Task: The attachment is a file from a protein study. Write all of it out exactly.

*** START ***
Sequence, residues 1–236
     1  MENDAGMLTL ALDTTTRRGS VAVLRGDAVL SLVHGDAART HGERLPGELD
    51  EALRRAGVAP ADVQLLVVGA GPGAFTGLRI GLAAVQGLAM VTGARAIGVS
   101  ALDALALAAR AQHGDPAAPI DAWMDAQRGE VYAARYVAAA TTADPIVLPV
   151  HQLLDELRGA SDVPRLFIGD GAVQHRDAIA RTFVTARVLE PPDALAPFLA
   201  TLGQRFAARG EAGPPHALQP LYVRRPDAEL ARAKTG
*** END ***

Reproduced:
Sequence, residues 1–236
     1  MENDAGMLTL ALDTTTRRGS VAVLRGDAVL SLVHGDAART HGERLPGELD
    51  EALRRAGVAP ADVQLLVVGA GPGAFTGLRI GLAAVQGLAM VTGARAIGVS
   101  ALDALALAAR AQHGDPAAPI DAWMDAQRGE VYAARYVAAA TTADPIVLPV
   151  HQLLDELRGA SDVPRLFIGD GAVQHRDAIA RTFVTARVLE PPDALAPFLA
   201  TLGQRFAARG EAGPPHALQP LYVRRPDAEL ARAKTG